When a person you care about is going through something, it's only natural to want to do everything you can to help them feel better. While this person is probably very grateful to have your support, there's really only so much you can do as a friend, family member, or even partner. There comes a point where they could really benefit from seeing a professional who can provide some unbiased advice and insight. But saying, You need therapy, doesn't always go smoothly.
"Many people push back against the idea that they can't solve a problem on their own," says Kristin Zeising, PsyD, a clinical psychologist and couples therapist in San Diego. The reality is that we live in an "individualistic society," in which you're expected to be able to fix all of your problems, so going to therapy is often seen as a weakness, Dr. Zeising explains. "There is a sense of shame for not feeling emotionally healthy, yet going to a therapist to assist in becoming emotionally healthy is often stigmatized," she says. Someone who hasn't been to therapy might also feel vulnerable or scared about sharing their intimate thoughts with a therapist they've never met, Dr. Zeising says, adding, "They may fear being judged or feel like no one else would understand their experience."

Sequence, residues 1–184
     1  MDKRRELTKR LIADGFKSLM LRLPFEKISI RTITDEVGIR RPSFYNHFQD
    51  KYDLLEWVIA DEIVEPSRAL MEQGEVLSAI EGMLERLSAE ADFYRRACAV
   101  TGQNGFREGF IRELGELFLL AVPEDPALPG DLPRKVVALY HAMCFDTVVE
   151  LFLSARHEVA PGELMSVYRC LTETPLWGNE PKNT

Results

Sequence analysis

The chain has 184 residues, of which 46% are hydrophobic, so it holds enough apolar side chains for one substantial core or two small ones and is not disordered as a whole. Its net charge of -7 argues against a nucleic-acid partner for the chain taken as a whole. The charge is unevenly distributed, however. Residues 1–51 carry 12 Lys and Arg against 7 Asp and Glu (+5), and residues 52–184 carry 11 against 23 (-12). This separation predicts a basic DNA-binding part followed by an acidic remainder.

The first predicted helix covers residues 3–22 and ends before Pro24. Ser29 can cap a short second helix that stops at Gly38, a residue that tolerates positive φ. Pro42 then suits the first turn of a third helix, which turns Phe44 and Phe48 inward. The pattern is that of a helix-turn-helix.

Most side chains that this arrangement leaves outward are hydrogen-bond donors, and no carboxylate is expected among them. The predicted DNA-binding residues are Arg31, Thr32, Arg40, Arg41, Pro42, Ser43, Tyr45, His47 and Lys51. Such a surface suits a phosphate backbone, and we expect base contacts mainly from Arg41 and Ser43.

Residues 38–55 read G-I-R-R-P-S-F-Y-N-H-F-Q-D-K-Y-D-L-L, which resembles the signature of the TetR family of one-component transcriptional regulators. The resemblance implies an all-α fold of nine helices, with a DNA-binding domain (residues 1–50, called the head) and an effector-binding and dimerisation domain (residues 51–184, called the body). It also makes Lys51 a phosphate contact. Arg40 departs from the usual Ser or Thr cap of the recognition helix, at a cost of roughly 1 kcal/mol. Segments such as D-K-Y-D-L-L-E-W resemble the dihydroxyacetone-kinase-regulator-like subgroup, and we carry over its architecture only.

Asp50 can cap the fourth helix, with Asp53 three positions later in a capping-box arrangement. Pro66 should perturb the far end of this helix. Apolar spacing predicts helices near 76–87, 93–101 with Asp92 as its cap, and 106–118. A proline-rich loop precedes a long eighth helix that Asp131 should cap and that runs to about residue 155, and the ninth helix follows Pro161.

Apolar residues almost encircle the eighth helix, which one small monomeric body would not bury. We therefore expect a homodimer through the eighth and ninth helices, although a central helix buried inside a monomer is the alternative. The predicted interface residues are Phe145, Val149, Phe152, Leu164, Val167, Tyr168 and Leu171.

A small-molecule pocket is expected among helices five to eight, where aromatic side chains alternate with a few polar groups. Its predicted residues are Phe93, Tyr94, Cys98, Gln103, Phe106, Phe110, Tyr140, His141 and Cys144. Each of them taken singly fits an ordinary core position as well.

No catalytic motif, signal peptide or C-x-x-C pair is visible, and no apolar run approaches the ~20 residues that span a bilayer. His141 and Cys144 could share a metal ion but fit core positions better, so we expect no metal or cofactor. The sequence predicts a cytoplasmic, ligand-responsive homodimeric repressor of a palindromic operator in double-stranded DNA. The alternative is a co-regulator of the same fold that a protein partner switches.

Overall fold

But going to therapy is awesome, and tons of people see a therapist. A 2004 survey found that 48% of people polled reported that someone in their household had seen a mental health professional — and you can expect that number to be way higher today. Any person who thinks that they are "not living up to all they could be" would benefit from therapy, according to Dr. Zeising. If you want to persuade someone to see a therapist, here are a few tools you can use.